This is Kylak signing out and waiting to see how this plays out.

Wednesday, September 26, 2012

MTG Tips #11 Cards to Ignore (Punisher)

Tips and Tricks for Magic the Gathering players.

Last time we discussed cards to ignore that included Win-More and Lose-Less types of cards. We also examined when there were exceptions to the rule of ignoring them (such as how Dragonstorm wouldn't be a successful card in a typical Dragon deck but someone was able to build a combo deck around the card for tournament play). Today we'll be looking at "Punisher" cards (that would be their unofficial nickname).

(This can be a touchy subject for those that are fond of these cards so I won't be making jokes today. I'll just be explaining as rationally as possible why this is typically a card you should ignore adding into your deck.)

Dash Hopes is a prime example of this type of card. When looking at the card it seems like it's incredibly powerful. Two mana to counter a spell is the cheapest type of hard counter that Blue can create and here it is in Black. Two mana to make an opponent lose 5 life is also a lot of bang for your buck. Red can't even do 5 damage for 2 mana with burn spells. So on the surface it seems like this is too good to be true.

The importance of a "hard counter" is that it will stop your opponent from playing a key spell. The importance of a burn/loss of life spell is that you you're dropping their life total down to achieve victory. When you give your opponent the option of choosing one or the other (which is what this spell does), then they're always going to pick the option that doesn't matter to them.

If they play a finisher that will win them the game and you cast Dash Hopes, they'll just take the loss of life and win. If they play something they don't need then they'll just take the counter option and you will have traded one spell for another. It's always an option that gives them the most benefit and it never generates actual card advantage. Dash Hopes only has one moment where it's useful: when the opponent is at 5 or less life, you're already winning, and they're trying to cast a spell that would win them the game. That's oddly specific and we're still talking about a scenario that doesn't generate any card advantage or get you any closer to winning the actual game.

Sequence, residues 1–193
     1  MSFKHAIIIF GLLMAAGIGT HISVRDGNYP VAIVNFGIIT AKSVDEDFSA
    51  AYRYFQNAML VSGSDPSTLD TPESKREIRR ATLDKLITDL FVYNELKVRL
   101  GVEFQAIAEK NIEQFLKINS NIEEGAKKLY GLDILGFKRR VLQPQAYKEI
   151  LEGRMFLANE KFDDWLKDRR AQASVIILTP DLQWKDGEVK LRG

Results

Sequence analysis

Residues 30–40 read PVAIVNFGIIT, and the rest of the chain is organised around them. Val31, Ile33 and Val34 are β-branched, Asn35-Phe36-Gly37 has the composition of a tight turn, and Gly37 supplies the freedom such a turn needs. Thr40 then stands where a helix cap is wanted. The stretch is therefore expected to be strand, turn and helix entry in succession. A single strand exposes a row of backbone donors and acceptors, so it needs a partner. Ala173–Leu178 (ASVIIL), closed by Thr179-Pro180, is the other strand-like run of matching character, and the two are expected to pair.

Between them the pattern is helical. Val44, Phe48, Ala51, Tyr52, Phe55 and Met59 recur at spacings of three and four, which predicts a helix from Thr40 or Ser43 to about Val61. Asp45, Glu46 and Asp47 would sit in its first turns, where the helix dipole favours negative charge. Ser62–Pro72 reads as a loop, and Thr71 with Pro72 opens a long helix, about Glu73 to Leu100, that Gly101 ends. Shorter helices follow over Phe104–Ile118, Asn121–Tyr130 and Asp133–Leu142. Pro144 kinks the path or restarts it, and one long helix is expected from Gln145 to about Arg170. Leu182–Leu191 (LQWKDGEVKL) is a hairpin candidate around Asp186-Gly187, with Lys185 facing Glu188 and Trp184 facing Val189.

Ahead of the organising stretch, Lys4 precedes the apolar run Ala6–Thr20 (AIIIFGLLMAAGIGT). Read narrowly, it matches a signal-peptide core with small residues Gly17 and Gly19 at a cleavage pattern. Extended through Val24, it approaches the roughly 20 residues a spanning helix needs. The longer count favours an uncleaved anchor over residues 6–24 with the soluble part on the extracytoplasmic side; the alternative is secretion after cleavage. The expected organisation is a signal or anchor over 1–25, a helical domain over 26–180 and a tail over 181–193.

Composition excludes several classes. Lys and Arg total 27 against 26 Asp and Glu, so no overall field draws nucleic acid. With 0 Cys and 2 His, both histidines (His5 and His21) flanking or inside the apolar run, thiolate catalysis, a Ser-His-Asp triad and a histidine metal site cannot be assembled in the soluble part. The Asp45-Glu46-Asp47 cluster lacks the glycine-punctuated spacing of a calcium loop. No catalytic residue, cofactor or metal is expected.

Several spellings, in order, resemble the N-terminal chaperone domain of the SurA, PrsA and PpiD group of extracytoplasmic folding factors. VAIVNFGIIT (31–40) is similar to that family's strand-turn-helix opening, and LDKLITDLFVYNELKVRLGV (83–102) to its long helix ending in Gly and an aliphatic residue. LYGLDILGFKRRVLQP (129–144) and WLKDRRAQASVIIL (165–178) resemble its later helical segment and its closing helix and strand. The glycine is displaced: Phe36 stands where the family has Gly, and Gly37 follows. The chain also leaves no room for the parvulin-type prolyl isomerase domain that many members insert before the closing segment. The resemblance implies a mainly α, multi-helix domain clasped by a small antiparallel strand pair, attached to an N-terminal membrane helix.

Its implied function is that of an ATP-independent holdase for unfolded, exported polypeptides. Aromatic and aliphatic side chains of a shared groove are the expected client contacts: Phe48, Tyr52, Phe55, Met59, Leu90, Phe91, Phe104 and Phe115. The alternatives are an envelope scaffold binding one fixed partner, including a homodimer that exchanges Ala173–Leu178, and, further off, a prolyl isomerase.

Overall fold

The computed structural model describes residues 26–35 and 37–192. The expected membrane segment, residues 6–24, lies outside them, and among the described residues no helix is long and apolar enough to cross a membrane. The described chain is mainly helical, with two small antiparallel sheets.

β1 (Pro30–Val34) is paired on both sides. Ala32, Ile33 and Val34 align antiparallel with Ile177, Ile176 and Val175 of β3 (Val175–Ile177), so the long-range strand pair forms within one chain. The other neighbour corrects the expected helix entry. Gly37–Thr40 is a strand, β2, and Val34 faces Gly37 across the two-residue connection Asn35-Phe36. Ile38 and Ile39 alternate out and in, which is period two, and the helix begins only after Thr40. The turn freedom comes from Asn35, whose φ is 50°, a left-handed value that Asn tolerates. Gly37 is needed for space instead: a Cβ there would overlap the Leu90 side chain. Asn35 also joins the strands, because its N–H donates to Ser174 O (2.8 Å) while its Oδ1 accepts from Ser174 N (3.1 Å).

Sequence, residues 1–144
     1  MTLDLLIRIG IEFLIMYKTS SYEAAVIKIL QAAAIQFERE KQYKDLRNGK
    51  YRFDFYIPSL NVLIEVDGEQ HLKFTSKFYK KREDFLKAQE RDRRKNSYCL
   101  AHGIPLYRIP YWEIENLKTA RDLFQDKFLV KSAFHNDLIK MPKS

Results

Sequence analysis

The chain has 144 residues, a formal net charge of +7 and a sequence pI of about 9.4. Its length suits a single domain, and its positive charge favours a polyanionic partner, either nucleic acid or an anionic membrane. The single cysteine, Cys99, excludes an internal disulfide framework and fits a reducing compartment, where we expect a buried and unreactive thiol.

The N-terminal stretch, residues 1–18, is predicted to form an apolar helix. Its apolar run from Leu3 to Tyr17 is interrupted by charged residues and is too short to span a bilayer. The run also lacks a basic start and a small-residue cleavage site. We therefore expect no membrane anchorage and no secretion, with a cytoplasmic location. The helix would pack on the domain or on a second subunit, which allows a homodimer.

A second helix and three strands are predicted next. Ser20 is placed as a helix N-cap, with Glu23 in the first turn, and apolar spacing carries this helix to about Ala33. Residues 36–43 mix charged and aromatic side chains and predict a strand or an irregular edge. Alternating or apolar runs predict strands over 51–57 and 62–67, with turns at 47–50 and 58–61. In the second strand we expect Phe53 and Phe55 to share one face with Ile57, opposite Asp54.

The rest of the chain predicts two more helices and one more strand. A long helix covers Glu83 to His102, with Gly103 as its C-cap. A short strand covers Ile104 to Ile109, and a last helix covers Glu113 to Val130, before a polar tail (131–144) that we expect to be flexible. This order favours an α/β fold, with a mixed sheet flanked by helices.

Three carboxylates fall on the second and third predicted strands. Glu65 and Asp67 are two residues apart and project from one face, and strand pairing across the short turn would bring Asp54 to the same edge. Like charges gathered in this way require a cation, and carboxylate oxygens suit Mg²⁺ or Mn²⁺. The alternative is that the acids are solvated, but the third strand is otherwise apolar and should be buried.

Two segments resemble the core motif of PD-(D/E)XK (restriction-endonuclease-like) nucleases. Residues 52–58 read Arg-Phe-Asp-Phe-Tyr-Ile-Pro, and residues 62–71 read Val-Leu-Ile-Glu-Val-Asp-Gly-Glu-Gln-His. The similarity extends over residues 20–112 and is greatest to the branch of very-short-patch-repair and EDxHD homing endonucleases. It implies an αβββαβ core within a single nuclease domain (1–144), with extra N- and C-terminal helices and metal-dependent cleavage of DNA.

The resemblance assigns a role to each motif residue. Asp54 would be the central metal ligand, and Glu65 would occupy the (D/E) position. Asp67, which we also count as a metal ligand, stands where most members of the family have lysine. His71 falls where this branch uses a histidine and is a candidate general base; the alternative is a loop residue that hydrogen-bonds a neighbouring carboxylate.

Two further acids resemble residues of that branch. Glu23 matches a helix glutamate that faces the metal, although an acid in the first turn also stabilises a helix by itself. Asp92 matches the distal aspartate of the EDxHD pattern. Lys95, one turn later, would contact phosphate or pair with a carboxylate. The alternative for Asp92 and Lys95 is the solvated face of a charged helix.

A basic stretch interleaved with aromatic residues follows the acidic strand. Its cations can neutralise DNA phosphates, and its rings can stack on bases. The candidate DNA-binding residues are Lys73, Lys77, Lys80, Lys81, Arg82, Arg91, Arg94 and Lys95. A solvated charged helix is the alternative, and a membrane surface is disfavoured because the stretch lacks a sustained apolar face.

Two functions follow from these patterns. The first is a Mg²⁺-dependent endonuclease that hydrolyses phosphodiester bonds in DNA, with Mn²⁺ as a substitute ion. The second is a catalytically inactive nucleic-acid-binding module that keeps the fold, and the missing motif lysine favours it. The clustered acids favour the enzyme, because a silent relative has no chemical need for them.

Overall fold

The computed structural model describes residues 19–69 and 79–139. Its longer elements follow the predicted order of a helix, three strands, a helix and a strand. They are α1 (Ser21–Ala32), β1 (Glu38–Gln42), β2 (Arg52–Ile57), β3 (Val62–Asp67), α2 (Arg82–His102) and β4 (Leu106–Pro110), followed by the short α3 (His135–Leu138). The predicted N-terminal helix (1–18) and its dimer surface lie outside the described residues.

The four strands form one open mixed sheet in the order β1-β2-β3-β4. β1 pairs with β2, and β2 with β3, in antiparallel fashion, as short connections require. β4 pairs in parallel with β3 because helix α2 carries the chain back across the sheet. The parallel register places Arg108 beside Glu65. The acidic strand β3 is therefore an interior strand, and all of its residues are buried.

This is very similar to the problem that Lose-Less cards have (which we talked about last time). These cards will help you lose-less in very specific situations but they aren't helping you win the game and there are other options out there that can take the place of these cards.

It's important once again to explain that in Magic the Gathering there are always exceptions to every rule. Some decks can abuse the downside of certain options to make a card useful 100% of the time. The problem with Dash Hopes is that the very deck that can abuse it the most is also just a very ineffective deck. Remember that all decks can fall into three categories: aggro, control, and combo.
-Aggro decks shouldn't be leaving mana open to play reactively when they could be casting threats. An aggro deck that attempts to play reactively will only be slowing itself down and giving the opponent more chances.
-Control decks aren't able to use it to control the state of the game when they need it most and it doesn't generate card advantage. A control deck doesn't concern itself with racing the clock (trying to deal direct damage) because it gets an advantage the longer a game lasts.
-Combo decks just aren't going to look at this (to be fair, they aren't going to look at most cards).

So you would need a mono-black aggro/control hybrid that wants to shutdown cards while forcing life loss via threats that can also amplify how devastating the life loss actually is and having a reason to have permission cards simultaneously. You could build it but you'd be building a deck that's shooting itself in the foot. That's the other problem associated with these types of cards.

Let's look at another example: Breaking Point.
Breaking Point is interesting because a common deck type already exists for it. I'm pretty sure most Magic players have heard of or seen a "burn" deck at some point. This is a card that can deal 6 damage for 3 mana (that's better than almost any other burn spell in the game) or wipe out all creatures on the board which is always useful for a burn deck. The problem comes in giving the opponent the choice.